Zanu PF’s Church Exploitation: Political Gain Amidst Religious Sanctity

Controversial Donations and Political Posturing Raise Concerns Over The Politicization of Religious Institutions in Zimbabwe.

by Adenike Adeodun

In recent events, controversial businessman Wicknell Chivayo donated US$1 million to a church during an Easter service, raising concerns about political exploitation within religious institutions.

The scene unfolded dramatically as a helicopter descended at Nehemiah Mutendi’s Zion Christian Church (ZCC), disrupting the tranquility of the Sunday morning service. This unexpected visitor, Chivayo, later made a significant donation to the church, echoing a trend of ruling party officials using such gestures to sway support, particularly during election periods.

Zanu PF politicians have been observed attending church events, often clad in religious attire, and disregarding church protocol. This tactic of leveraging religious sentiment for political gain has drawn criticism from analysts who view it as a manipulation of sacred institutions for partisan interests.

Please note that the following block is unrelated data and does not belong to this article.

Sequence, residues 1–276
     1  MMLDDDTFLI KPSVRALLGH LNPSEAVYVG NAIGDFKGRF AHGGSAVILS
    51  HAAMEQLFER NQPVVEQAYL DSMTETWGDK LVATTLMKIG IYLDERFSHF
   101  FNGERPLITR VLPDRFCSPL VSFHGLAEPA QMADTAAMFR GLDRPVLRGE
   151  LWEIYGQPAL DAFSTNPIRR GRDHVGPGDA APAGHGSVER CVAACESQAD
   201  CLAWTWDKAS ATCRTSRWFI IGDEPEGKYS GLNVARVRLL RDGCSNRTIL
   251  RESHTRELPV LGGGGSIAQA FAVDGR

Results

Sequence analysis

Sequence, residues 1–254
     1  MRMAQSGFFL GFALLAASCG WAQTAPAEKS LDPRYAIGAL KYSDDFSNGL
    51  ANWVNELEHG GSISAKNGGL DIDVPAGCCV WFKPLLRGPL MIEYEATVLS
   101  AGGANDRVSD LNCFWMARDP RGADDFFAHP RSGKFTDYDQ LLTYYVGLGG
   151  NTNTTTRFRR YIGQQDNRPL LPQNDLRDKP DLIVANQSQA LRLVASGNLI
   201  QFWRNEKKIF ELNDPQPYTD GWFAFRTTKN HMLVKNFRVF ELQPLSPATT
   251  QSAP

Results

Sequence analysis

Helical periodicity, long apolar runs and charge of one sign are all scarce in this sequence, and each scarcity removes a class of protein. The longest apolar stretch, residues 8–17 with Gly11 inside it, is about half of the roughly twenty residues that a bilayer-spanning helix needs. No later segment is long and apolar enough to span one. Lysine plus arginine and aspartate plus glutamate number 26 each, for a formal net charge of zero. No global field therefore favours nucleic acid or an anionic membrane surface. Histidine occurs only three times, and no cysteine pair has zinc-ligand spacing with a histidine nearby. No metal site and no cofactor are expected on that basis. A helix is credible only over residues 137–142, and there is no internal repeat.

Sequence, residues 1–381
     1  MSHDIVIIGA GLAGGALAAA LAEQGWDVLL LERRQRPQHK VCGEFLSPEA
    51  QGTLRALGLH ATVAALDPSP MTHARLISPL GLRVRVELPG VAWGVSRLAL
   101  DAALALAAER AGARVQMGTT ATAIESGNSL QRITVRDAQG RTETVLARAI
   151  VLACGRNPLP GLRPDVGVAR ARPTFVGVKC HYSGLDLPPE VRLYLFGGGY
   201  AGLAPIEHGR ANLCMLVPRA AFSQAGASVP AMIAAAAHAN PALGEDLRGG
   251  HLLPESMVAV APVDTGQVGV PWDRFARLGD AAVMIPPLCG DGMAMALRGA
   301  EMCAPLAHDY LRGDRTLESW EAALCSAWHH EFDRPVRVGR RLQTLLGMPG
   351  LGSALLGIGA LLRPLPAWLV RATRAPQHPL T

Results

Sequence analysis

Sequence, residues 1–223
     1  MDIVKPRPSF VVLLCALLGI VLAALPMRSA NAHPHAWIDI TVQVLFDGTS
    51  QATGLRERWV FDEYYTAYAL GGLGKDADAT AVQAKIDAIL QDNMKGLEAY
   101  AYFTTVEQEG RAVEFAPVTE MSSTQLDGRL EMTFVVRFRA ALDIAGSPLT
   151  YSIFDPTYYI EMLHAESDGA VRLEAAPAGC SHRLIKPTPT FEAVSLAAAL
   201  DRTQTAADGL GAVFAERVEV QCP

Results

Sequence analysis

Commentators like Romeo Chasara and Ruben Mbofana have voiced concerns over Zanu PF’s exploitation of churches, citing the party’s history of clinging to power through undemocratic means. They argue that churches, with their large congregations and loyal followings, are seen as ripe targets for political maneuvering.

Ahead of the 2023 elections, some church leaders have pledged support for President Mnangagwa, with initiatives like Pastors for ED mobilizing votes for the ruling party. Apostolic sects, representing a significant portion of the population, have pledged millions of votes for Zanu PF, allegedly in exchange for favors like cash, land, and vehicles.

Political analyst Maxwell Saungweme highlights Zanu PF’s strategic targeting of churches, tapping into the influence of spiritual leaders to garner support. Meanwhile, Zanu PF officials maintain that their engagement with churches is merely a demonstration of respect for freedom of religion.

However, concerns persist over the politicization of religion, a trend not new to Zimbabwean politics. The late former President Robert Mugabe was known for his appearances at white garment churches, while disputes over the influence of prophets like Madzibaba Wimbo have underscored the intersection of religion and politics.

In light of these developments, the integrity of religious institutions and their role in shaping Zimbabwe’s political landscape are subjects of ongoing scrutiny and debate.


Source: Newsday

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